China Makes, The World Takes

A look inside the world’s manufacturing center shows that America should welcome China’s rise—for now.
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MR CHINA: Liam Casey stands beside workers assembling laptop computers

“Mr. China” is an established jokey honorific, like People magazine’s “Sexiest Man Alive—2003.” Since the days of Marco Polo, successive foreigners have competed informally for recognition as the person who really understands the country and can make things happen here. The hilarious 2005 memoir Mr. China, by Tim Clissold, describes the heartbreak and frustration of a young British financier who thought he could figure out the secrets of success in China when it was first opening up to Western commerce.

Liam Casey has succeeded where Tim Clissold was frustrated, but he is careful not to sound overconfident. “Just when you think you know what’s happening here, that’s when you’re in danger,” he says. “You see some new product on the market, and you wonder where it was made—and it turns out to be a factory you drove by every day for five years and never knew what was going on inside! You can be here so long and know so little.” But for my purposes he is Mr. China, because he is at the center of the overlapping flows of humanity bringing the world’s work to China.

When not dining or sleeping at the Four Points, Casey runs a company he owns outright, with 800 employees (50 of them are from Ireland, America, or one of a dozen other nations; the rest are Chinese) and sales last year of about $125 million. He is of medium height and fit-seeming in a compact way, with thick dark hair and a long face that generally has an impish expression. He has a strong Irish accent and dresses informally. He walks, talks, and moves so fast that I was generally scrambling to keep up.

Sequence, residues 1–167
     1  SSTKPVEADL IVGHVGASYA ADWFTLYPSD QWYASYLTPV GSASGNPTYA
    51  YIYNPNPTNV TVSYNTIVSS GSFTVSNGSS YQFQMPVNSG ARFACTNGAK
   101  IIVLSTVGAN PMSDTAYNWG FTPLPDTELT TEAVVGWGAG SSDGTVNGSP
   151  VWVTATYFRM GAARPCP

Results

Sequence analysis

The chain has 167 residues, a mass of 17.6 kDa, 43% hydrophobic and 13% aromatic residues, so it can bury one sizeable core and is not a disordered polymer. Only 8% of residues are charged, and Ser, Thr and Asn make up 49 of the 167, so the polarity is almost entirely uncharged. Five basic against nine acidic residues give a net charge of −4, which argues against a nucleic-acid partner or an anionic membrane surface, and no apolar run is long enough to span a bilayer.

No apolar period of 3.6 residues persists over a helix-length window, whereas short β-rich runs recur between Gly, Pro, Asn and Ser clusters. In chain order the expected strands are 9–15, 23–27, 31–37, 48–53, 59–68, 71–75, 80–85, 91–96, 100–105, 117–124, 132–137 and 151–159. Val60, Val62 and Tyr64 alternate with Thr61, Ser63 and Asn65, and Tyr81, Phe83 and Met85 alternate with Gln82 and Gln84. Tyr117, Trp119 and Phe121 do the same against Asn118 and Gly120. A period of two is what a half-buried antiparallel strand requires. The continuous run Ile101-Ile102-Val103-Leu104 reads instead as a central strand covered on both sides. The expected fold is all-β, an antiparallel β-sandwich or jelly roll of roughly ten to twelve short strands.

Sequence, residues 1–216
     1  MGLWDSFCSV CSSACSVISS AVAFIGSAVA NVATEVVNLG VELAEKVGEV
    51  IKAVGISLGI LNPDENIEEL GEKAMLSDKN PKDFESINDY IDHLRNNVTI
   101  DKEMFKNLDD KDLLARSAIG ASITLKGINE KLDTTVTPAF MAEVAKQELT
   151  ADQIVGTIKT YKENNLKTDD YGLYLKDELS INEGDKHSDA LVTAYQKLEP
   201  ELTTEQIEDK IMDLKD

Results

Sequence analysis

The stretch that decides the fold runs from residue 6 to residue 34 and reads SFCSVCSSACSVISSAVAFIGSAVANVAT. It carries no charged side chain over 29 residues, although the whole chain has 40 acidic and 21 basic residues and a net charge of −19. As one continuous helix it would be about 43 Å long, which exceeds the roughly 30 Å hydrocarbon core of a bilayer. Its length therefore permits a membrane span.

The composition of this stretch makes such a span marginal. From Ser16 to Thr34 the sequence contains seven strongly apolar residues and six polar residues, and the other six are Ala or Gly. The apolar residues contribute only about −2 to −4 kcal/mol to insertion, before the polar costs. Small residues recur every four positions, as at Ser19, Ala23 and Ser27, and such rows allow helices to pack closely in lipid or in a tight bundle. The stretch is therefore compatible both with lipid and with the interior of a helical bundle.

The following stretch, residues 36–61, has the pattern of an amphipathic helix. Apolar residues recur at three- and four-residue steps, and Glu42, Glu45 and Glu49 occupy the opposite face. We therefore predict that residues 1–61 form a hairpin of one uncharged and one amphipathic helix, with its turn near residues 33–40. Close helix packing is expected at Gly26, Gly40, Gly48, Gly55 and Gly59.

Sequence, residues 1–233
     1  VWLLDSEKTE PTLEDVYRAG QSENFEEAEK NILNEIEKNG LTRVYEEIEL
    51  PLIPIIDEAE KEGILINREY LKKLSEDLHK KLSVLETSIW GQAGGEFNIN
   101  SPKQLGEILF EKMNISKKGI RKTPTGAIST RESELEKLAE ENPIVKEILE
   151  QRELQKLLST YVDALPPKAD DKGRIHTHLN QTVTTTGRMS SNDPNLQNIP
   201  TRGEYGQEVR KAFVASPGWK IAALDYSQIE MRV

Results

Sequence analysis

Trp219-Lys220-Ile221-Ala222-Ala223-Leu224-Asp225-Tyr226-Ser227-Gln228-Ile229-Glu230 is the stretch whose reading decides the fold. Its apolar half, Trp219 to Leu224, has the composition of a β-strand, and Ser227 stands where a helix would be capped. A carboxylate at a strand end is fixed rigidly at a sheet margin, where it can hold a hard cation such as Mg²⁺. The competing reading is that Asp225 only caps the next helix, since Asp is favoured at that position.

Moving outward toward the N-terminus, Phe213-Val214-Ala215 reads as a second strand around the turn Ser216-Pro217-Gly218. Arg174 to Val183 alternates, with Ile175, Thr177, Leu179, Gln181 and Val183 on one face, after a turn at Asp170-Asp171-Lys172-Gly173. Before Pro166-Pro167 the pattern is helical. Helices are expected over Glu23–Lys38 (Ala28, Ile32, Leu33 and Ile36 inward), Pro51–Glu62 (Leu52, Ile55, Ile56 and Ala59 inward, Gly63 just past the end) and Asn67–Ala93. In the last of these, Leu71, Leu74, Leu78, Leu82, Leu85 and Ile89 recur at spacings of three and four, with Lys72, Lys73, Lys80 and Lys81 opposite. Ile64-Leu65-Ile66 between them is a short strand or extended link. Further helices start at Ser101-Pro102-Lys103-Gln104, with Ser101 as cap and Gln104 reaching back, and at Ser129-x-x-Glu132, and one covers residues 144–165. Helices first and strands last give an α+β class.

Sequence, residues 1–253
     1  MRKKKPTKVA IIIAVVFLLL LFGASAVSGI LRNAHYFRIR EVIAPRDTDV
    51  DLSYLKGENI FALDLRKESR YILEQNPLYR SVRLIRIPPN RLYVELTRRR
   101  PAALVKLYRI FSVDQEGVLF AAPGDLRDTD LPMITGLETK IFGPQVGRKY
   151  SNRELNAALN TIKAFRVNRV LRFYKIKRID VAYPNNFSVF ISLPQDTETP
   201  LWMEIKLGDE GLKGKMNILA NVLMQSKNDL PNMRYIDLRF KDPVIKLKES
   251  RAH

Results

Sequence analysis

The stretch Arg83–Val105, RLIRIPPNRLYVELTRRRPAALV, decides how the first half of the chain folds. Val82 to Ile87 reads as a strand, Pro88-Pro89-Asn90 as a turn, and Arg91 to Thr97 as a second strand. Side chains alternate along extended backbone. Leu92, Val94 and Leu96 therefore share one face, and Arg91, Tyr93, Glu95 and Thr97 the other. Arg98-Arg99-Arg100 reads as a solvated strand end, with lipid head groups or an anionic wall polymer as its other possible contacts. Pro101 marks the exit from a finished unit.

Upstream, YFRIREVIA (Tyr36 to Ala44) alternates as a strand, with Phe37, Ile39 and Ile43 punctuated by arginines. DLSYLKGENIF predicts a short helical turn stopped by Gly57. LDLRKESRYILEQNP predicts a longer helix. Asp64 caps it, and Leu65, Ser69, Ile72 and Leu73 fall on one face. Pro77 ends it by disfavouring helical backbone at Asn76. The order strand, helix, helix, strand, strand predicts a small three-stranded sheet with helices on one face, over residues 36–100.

Casey grew up on a farm outside Cork, had no formal education after high school, and first worked as a salesman in garment shops in Cork and then Dublin. He got involved in buying garments from Europe, with a friend set up a Crate & Barrel–style store in Ireland, then decided to travel. At age 29 he arrived in Southern California and worked briefly for a trading company. He says he would be in America still—“Laguna, Newport Beach, ah, I luvved it”—but he could not get a green card or long-term work permit, and didn’t want to try to stay there under the radar.

(I might as well say this in every article I write from overseas: The easier America makes it for talented foreigners to work and study there, the richer, more powerful, and more respected America will be. America’s ability to absorb the world’s talent is the crucial advantage no other culture can match—as long as America doesn’t forfeit this advantage with visa rules written mainly out of fear.)

So in 1996, just after he turned 30, Casey went to Taipei for an electronics trade show. It was his first trip to Asia, and, he says, “I could see this is where the opportunity was.” Within a year, he had set up operations in the Shenzhen area and started the company now known as PCH China Solutions. The initials stand for Pacific Coast Highway, in honor of his happy Southern California days.

What does this company do? The short answer is outsourcing, which in effect means matching foreign companies that want to sell products with Chinese suppliers who can make those products for them. Casey describes his mission as “helping innovators leverage the manufacturing supply chain here in China.” To see how this works, consider the great human flows that now converge in southern China, which companies like Casey’s help mediate.